Cat tracker project underway in suburban SA

To: John Harris <>, "<>" <>
Subject: Cat tracker project underway in suburban SA
From: David Rees <>
Date: Fri, 17 Apr 2015 16:36:55 +1000

Can only agree.  Probably the main rate limiting step for many of the birds we enjoy is nesting holes, think parrots.  Trees get old, fall over, not replaced.  There there is competition for holes etc.etc. as you say.


On Fri, Apr 17, 2015 at 11:59 AM, John Harris <> wrote:

Thanks David,
I too take your point. Gungahlin suburbs north of me have rules about containment of cats.  Birdlovers like me instinctively approve. But you are right, particularly if there are no rigorous studies which actually prove the effect of these measures. Bird populations may be declining for far more drastic reasons than domestic cats and there is little point in feeling good about cat containment if other things like reduction of nesting sites or competition with Mynas or Starlings are the major factors and are not being addressed.

From: David Rees <>
Date: Friday, 17 April 2015 11:40 am
To: John Harris <>, chatline <m("","canberrabirds");" target="_blank">>

Subject: Re: [canberrabirds] Cat tracker project underway in suburban SA


I do not dispute what you say, in a way it supports it what I have been saying. Domestic cats are individuals, some will hunt, some will not, others will go 'through the motions'. They are, as you say, instinctive predators.  A bird table close to cover means that the 'hunter' does not have to go far - hence my comment on travel distance and hunting.  

Predation you describe happens. What impact it is having on the populations of native animals in highly modified  environments is a matter for debate and study.  However, it is reasonable to expect that many people do not like wildlife being eaten and 'played with' before their eyes.  While these two issues are related,  they are not the same.     

I support containing cats to keep them safe.  I do not want mine eating wildlife and they do not.   In this town we have a golden opportunity to do some good science to see if the containment measures that have already been put in place are actually having a beneficial effect on populations of native animals.  One would think the ACT Government, The ANU, COG etc.etc would be all over this opportunity.  It seems to me, and I stand to be corrected, that little if anything is happening to undertake this assessment.  If that is the case, I would like to know why, and I expect many others in Canberra would also.  

If a clear impact can be shown from such studies here in Canberra then that data needs to be 'put on the table' and the community has a discussion about it. The community with its elected representatives then makes a political decision about it.  In other words the simple process of 'evidence-based democracy'.  A recent editorial in the Canberra Times outlined this rather nicely.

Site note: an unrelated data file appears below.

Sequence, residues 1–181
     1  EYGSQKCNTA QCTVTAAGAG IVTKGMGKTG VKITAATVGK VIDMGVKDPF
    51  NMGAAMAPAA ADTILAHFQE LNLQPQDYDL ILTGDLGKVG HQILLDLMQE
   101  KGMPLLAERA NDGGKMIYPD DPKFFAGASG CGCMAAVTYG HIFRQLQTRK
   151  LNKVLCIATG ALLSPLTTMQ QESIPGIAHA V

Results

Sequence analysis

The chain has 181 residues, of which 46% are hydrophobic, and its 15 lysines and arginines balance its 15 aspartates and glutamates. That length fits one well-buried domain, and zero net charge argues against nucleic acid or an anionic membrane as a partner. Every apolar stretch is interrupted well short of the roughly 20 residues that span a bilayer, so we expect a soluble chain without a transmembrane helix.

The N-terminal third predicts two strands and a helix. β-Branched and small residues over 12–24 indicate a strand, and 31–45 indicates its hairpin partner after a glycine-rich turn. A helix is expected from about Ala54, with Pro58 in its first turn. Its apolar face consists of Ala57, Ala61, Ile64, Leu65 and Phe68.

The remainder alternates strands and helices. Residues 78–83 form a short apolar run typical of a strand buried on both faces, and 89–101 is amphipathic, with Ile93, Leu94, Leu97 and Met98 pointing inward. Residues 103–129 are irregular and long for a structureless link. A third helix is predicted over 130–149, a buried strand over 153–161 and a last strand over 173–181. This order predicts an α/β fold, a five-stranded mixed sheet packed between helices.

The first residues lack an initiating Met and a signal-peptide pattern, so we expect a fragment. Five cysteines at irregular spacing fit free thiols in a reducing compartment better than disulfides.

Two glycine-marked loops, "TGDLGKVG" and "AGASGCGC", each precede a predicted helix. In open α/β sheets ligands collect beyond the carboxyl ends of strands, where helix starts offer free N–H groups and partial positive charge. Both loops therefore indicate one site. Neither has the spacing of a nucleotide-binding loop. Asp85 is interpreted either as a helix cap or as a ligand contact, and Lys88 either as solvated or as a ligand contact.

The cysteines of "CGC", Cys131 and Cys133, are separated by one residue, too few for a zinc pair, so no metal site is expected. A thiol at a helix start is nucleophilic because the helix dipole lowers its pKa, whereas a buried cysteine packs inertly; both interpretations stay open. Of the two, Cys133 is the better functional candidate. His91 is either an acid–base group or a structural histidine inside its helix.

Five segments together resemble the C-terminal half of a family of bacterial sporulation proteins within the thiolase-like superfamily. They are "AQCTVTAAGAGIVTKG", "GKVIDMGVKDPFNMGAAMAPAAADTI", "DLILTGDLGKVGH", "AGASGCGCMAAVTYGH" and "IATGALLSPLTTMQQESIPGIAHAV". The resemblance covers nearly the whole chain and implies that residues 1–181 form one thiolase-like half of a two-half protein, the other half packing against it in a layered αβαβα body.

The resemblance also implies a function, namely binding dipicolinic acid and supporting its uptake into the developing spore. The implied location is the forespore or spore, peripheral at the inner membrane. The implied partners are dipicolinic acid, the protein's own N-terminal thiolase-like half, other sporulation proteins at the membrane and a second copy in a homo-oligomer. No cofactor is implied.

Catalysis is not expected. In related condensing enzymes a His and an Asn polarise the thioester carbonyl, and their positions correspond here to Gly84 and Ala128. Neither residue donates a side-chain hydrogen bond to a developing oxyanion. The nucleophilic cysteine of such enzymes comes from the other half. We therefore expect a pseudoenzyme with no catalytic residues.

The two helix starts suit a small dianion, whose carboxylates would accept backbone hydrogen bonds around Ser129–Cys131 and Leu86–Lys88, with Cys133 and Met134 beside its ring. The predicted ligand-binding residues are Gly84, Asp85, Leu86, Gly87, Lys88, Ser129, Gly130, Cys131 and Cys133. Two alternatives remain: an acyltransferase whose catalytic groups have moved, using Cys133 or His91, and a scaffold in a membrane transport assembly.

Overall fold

On Thu, Apr 16, 2015 at 5:08 PM, John Harris <> wrote:
I am no expert on cats, domestic or feral, but I wouldn’t be too complacent about well-fed pet cats. There are several very well fed ones in my immediate neighbourhood and it is obvious the instinct is still there in the genes. They may not be hungry but they are still hunters. Only last week I tried to rescue a Doble-barred Finch. The cat dropped it but it died in my hands. This cat was from a few doors down. The one next door is always hunting. I have had to net my fishpond and move my bird feeder to a position more difficult for the cat. It catches mice as well as birds and lizards. It never eats them but it kills them and, in the case of mice, teases them until they are dead.  

From: David Rees <>
Date: Thursday, 16 April 2015 2:46 pm
To: Ian Baird <>, Kathryn Eyles <m("","kathymatty");" target="_blank">>, chatline <m("","canberrabirds");" target="_blank">>
Subject: Re: [canberrabirds] Cat tracker project underway in suburban SA


Please define a 'small animal" - have no problem if what you are talking about is a mouse!

The scenario you paint may be true of a hungry feral cat, in a 'natural' environment where the only food available is what it catches.

To equate this with the activities of a domestic animal,  with its own 'home' with a food bowl and  somewhere safe to sleep for its exclusive use is, at best, highly questionable. It is one possible scenario of many.

Furthermore how far a cat (or any predator)  travels and how much it hunts are likely to have little relationship with each other. 

I might help if you spend some more time watching domestic animals.


On Thu, Apr 16, 2015 at 7:36 AM, Ian Baird <> wrote:


Thanks for posting this. New technology is opening up interesting research opportunities.


Whenever we see small animals present in habitat, we naturally assume they are there to feed and gain sustenance there. That is a reasonable assumption often borne out by complementary observations which support the presumption.


I see no reason why it is not logical to assume the same about cats –until we have good evidence to the contrary.


Ian Baird


From: Kathryn Eyles [
Sent: Wednesday, 15 April 2015 5:09 PM
Subject: [canberrabirds] Cat tracker project underway in suburban SA


Dear birdlsters 


For those interested in the cat containment debate - this fascinating project in SA is tracking the roaming patterns of a group of domestic cats in the suburbs.  


You can also view the individual cat tracks - click on view track under each cat   


Some moggies roam in their immediate neighbourhood but others like MonMon, Frizzle and BruceWillis had some long forays to suburb edge and beyond.



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